Maybe there is such a thing as Twitter karma. I wrote that during the Baltimore Ravens’ first playoff game when they hosted the Indianapolis Colts. I probably had this thought run through my head while listening to the fans chant that now-ruined White Stripes song (crap, it’s in my head again … I think it also supplied the soundtrack to most of my dreams last night).
I saw a lot of Ravens fans this week. Thousands and thousands along the Mississippi River, on Bourbon Street, and on the long, slow walk to the gates as we entered the Superdome. They donned purple wigs, purple tutus, and most of them wore “R. LEWIS” jerseys. They outnumbered 49ers fans everywhere we went, including the game itself (I’d estimate at least 55% of the crowd pulled for Baltimore, maybe as much as 60%). Then, on our walk home, some of them taunted us with “HA!” or “Niners suck.” Since I’ve gone this far without dropping f-bombs on BASG, I’ll spare you what my wife and I said in response.
Were the fans from Baltimore annoying? Sure. But what was even more disheartening was the poor turnout seen from 49ers fans. According to Google Maps, San Francisco is almost exactly twice as far from New Orleans compared to Baltimore. But Super Bowl tickets are expensive, and I can’t imagine too many people drove from Maryland to the Big Easy. Most people flew, and the cost difference between flights from SFO or Oakland couldn’t have been that drastic compared to flying down from Baltimore.
However, cost was an issue at this Super Bowl. It certainly was for us, and in a moment of weakness I pounced on two tickets. What an awful, stupid decision, one which we’ll never repeat again. It took forever to get into the stadium. Budweiser beers were $12 apiece. Watching Beyonce from the stands was a far lesser experience than watching her on TV (I found myself watching the stadium screen most of the time). We’re going to try to write a lot of this off, but I’m not sure the IRS would consider Super Bowl tickets a reasonable business expense.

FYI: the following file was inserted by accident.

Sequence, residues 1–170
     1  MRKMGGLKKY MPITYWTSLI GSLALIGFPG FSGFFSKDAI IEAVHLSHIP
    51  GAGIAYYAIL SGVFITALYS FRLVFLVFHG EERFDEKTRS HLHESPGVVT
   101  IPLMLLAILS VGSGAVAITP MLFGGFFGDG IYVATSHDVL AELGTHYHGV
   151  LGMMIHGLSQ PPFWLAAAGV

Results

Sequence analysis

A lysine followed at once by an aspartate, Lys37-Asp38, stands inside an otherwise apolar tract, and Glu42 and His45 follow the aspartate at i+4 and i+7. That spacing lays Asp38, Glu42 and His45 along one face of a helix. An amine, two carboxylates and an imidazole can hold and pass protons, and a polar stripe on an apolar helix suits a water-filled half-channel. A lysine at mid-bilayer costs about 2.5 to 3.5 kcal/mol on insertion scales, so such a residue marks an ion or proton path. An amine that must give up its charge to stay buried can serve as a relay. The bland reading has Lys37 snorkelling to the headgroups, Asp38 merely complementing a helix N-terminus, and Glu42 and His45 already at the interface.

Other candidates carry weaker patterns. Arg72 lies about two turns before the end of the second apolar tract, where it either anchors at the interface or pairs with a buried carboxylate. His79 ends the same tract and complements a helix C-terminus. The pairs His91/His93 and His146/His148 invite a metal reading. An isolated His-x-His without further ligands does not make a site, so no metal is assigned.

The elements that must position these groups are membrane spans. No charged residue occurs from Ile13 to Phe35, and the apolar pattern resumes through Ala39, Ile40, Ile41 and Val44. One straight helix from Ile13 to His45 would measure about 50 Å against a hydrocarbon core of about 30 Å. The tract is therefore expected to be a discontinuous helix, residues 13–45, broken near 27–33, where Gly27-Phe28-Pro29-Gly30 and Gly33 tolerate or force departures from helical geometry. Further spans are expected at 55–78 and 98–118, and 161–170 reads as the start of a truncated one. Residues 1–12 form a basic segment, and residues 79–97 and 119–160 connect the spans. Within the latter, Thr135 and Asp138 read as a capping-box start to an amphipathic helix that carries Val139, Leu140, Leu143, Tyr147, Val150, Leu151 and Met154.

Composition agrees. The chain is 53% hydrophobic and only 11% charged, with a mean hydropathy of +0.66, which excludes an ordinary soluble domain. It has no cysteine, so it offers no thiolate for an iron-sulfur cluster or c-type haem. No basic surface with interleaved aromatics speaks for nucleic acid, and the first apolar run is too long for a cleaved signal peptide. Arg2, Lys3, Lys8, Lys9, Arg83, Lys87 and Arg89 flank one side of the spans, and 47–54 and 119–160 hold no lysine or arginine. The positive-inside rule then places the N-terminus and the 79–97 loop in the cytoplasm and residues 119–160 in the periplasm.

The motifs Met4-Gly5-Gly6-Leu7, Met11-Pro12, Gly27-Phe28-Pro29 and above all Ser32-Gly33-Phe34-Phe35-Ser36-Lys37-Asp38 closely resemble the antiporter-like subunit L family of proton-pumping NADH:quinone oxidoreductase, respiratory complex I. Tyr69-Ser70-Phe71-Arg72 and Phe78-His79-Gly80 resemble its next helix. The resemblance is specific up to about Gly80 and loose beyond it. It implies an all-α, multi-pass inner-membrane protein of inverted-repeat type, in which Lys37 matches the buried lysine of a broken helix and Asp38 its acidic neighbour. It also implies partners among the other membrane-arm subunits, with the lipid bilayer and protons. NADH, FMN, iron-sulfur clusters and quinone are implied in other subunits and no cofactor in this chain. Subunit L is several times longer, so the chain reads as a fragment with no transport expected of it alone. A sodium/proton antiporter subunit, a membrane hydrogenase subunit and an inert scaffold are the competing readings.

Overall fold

Bay Area residents are more affluent than those residing in the Baltimore area, by and large. So why didn’t more of them make the trip? Perhaps the York family and the 49ers are to blame for gouging their most faithful fans, the ones with the means and desire to shell out Super Bowl dough — the season ticketholders.
The 49ers themselves didn’t expect to get this far, this quickly. Winning the Super Bowl this year would’ve been considered a happy accident. They hired Jim Harbaugh and gave him a five-year deal, and certainly didn’t expect to come within a play or two of reaching the Super Bowl last year. They’re in the business of peaking at the moment they enter their new stadium in Santa Clara, and would absolutely love to be one of the participants the first time that facility hosts its own Super Bowl (perhaps in 2016).
That stadium is paid for in large part by the fans. Fans who have complained loudly about the thousands they’ve been asked to fork over in the name of “seat licenses,” i.e. paying for the right to pay for tickets. You’ve heard the complaints: “We’ve had the same seats for 30 years, and now they want $20,000 per seat,” or “My dad had tickets at Kezar, and we’ve kept these seats in our family ever since, but now we’re going to have to think long and hard about renewing once they move.”
A lot of them are renewing, but that brings up a dilemma: with the prospect of writing a check that could cover the down payment on a house on the horizon, could these people afford to pay for airfare, lodging and tickets to Super Bowl XLVII? At least based on what I saw this week, the answer to that question for many of them was “no.” And as a result, the predominant color in the Superdome last night was purple.